Hope will often feel at an all-time low. I think my lowest point was when the girls were in two different hospitals. I already felt as if I was trying to achieve several impossible things. Then, all of a sudden, I quite literally had to be in two places at once. The girls both needed expressed breast milk, so I was ricocheting between one breast pump and another, back and forth on the train, not very long after a c-section. In short, it wasn’t a good time. 

It feels strange to be told you can take your babies home. In fact, I’m not sure any of us quite believed it when were told we could just leave with them. It felt like they had belonged to the hospital for so long and we were shoplifting or something! Ever since they’ve been at home, we’ve felt incredibly lucky. They're doing beautifully: just funny, naughty, charming little four-year-olds. 

Women in similar circumstances need to rely on each other. Reach out to the other women you see around you. Somewhere else in that ward is another woman who is lonely and frightened, and will want to talk. Not everyone – because of course we all cope with trauma in different ways. But very often, even the person who seems the most unapproachable might prove to be your lifeline. 

Looking back on the experience could shed new light. I started by writing a vague and messy diary during the time that the girls were in hospital. But it was very much just for myself. It was much later on that I thought, perhaps this is worth re-examining if it helps someone else going through something similar. When I returned to it, I saw it as a period of such acutely experienced sisterhood and the forming of such treasured friendships – overall it came across as quite uplifting. Ultimately, it felt like a story that might resonate with many people, not just women who had been in my position.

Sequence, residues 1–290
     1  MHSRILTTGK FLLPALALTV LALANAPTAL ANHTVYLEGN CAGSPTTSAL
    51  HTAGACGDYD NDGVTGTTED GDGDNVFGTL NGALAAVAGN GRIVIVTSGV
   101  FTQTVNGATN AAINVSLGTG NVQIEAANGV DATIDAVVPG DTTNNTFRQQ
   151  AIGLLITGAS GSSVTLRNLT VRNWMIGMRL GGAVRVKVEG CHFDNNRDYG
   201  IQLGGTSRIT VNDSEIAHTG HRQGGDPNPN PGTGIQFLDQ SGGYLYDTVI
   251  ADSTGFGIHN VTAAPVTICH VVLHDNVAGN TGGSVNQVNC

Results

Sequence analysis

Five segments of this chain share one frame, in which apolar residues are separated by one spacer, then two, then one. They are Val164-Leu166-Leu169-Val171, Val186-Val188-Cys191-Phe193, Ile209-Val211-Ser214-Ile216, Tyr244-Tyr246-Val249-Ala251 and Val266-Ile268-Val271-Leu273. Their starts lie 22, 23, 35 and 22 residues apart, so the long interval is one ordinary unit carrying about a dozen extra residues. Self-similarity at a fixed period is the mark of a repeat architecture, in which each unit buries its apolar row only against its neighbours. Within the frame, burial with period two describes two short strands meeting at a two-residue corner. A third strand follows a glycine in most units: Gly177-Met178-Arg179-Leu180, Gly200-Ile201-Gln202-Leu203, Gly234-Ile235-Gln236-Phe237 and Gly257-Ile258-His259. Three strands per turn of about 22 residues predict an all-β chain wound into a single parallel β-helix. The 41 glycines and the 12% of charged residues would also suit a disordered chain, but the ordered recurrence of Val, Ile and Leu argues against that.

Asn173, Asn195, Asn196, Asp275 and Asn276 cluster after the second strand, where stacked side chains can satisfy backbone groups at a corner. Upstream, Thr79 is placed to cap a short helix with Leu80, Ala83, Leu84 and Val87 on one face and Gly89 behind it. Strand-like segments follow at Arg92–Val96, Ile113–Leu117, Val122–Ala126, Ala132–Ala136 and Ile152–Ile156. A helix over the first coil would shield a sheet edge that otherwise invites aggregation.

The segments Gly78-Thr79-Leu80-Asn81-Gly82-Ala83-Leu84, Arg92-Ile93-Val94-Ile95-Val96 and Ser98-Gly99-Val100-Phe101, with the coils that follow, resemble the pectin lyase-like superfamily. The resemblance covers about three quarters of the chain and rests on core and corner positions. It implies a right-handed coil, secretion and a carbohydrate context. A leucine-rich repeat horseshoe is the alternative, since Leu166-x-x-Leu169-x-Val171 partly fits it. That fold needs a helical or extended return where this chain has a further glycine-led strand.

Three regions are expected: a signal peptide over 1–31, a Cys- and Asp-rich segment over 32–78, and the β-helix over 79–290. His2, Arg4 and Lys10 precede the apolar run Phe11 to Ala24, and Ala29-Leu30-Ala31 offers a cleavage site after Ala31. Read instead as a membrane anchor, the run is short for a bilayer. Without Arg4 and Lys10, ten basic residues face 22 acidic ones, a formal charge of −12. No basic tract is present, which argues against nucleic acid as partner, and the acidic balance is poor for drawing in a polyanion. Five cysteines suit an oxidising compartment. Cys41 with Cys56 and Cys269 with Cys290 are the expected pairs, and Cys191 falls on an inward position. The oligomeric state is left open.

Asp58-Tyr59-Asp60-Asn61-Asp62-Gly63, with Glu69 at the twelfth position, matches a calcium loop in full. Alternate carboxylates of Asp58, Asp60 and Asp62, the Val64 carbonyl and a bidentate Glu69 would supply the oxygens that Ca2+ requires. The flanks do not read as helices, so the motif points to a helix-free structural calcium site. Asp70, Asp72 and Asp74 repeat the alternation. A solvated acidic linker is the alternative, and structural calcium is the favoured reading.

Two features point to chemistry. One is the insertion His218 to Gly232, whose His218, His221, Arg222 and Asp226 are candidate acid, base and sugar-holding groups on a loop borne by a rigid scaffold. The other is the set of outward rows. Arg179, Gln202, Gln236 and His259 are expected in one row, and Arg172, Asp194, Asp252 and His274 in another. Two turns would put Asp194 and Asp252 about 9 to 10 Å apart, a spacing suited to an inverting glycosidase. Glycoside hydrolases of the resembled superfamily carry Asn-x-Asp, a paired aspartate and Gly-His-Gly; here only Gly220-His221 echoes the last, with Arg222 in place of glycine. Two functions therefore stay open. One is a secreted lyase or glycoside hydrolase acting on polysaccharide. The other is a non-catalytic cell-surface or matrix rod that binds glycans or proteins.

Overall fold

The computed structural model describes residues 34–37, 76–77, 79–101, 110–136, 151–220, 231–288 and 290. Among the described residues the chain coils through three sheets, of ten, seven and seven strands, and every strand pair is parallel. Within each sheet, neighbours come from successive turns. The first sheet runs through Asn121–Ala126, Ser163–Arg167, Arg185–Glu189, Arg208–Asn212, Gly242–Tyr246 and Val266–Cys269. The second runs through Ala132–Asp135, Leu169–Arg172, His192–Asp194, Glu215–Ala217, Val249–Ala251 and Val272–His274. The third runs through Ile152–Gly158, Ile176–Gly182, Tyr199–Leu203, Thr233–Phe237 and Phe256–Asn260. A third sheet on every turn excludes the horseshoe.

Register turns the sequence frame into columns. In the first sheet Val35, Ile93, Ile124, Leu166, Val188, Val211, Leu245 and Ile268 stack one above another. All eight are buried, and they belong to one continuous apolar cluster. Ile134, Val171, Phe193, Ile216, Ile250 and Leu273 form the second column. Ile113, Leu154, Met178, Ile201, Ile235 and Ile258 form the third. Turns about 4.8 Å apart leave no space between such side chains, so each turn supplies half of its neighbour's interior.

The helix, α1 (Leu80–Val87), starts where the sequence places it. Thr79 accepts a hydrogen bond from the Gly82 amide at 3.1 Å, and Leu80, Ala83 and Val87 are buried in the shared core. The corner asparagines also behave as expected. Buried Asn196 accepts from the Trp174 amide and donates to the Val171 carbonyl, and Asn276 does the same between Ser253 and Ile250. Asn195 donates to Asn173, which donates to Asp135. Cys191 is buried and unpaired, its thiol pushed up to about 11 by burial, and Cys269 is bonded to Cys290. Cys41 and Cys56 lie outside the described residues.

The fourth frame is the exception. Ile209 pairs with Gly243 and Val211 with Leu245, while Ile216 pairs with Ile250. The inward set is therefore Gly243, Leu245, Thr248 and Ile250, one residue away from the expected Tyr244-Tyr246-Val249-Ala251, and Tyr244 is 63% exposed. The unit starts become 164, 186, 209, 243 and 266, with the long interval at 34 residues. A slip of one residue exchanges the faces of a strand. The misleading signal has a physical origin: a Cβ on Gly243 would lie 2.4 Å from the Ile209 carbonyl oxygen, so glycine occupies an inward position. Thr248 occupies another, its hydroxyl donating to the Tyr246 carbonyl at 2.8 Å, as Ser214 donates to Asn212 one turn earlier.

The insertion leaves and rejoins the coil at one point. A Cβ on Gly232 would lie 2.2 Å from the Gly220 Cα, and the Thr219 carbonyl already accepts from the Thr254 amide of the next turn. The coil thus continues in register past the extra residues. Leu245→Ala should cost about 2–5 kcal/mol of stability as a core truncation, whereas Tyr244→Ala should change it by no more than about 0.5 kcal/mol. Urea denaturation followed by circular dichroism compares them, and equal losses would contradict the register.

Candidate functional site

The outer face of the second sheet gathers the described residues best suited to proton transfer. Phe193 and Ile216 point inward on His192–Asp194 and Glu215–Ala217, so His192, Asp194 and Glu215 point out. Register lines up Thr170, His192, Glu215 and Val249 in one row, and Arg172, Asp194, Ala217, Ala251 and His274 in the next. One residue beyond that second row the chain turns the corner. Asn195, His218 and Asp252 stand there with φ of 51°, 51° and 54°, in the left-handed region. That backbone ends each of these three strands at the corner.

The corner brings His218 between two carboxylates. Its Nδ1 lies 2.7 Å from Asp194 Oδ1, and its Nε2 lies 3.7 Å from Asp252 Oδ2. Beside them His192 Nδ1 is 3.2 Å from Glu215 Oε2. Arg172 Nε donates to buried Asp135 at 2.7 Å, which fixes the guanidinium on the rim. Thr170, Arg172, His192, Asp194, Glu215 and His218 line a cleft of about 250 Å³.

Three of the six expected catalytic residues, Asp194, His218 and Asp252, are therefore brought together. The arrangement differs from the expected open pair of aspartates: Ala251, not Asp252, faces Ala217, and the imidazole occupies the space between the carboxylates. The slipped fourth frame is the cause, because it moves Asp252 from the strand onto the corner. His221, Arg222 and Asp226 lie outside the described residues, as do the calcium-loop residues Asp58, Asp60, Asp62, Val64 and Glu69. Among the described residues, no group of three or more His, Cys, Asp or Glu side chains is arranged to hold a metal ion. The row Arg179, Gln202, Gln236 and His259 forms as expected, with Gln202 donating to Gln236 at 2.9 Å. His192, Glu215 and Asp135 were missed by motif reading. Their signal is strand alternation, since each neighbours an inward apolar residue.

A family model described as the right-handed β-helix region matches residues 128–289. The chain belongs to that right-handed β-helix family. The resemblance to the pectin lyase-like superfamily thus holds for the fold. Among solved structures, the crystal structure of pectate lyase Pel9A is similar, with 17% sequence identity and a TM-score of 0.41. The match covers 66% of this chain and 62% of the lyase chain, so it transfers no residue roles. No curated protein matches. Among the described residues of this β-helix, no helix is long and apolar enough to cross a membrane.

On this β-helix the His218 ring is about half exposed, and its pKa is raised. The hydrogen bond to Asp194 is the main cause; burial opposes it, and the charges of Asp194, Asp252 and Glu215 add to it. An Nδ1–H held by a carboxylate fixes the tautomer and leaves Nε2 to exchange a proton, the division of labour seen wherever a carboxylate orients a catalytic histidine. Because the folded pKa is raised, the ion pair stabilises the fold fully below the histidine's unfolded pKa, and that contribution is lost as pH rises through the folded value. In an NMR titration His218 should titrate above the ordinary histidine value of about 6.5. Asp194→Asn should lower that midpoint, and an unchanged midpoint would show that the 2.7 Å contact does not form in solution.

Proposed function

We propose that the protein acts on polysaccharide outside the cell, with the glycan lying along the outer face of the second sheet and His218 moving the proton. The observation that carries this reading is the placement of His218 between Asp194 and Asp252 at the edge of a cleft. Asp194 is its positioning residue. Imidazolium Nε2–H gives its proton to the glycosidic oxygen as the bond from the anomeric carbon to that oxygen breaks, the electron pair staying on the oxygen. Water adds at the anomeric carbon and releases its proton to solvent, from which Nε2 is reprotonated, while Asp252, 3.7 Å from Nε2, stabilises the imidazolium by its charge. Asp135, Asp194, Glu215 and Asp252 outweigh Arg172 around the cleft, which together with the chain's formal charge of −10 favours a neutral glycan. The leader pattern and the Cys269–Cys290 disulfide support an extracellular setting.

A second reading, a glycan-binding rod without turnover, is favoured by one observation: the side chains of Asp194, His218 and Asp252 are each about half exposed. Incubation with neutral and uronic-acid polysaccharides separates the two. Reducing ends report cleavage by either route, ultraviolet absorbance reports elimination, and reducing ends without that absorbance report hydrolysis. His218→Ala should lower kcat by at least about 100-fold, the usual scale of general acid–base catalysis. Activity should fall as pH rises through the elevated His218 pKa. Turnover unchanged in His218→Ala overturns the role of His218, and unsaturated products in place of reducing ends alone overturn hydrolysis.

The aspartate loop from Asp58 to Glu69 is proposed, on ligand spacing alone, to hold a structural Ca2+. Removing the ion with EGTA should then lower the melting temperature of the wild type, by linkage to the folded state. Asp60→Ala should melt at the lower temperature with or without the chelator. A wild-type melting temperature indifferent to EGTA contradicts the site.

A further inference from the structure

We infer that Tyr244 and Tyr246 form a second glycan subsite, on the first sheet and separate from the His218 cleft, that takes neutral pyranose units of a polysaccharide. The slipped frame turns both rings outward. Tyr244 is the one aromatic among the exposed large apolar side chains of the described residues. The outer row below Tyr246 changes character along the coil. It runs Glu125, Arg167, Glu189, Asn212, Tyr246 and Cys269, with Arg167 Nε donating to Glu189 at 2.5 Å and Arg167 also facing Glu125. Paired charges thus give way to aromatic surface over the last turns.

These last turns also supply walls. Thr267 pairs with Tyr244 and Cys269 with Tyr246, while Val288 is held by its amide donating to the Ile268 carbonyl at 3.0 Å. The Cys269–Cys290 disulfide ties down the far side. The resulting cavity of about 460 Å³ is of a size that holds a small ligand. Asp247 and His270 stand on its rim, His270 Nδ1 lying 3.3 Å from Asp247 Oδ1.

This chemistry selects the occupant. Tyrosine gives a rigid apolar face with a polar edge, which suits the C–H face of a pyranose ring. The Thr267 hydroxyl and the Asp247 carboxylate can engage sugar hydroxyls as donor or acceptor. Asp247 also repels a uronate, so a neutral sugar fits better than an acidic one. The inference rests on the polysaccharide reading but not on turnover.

It’s impossible to get everything right along the way. If the same thing happened to me again, I would assert myself as a decision-maker on their behalf much sooner, and I would been less anxious about asking questions when I didn't understand things. We’re often so grateful to the incredible medical staff working so tirelessly care for our children that it can be very hard to stop someone to say, excuse me, can you explain that for me? But it is both our right as a parent and also helpful in the long term. The better educated parents are, the sooner they can take over some of the smaller care duties for their babies and spare the nurses some of the workload. We can also work on connecting with their own babies more quickly. Everybody wins. 

Premature birth is still a taboo subject. I think this is true across society as a whole, and there’s much more to be done to raise awareness and prepare women for the many ways in which pregnancy and birth can go wrong. People fear bringing on the evil eye by speaking of these possibilities – as if by speaking about them they will somehow make them happen – but 60,000 babies are born prematurely in the UK every year. It’s so important to discuss prematurity and educate people about its causes and consequences. 

Francesca’s book Mothership is available to buy here.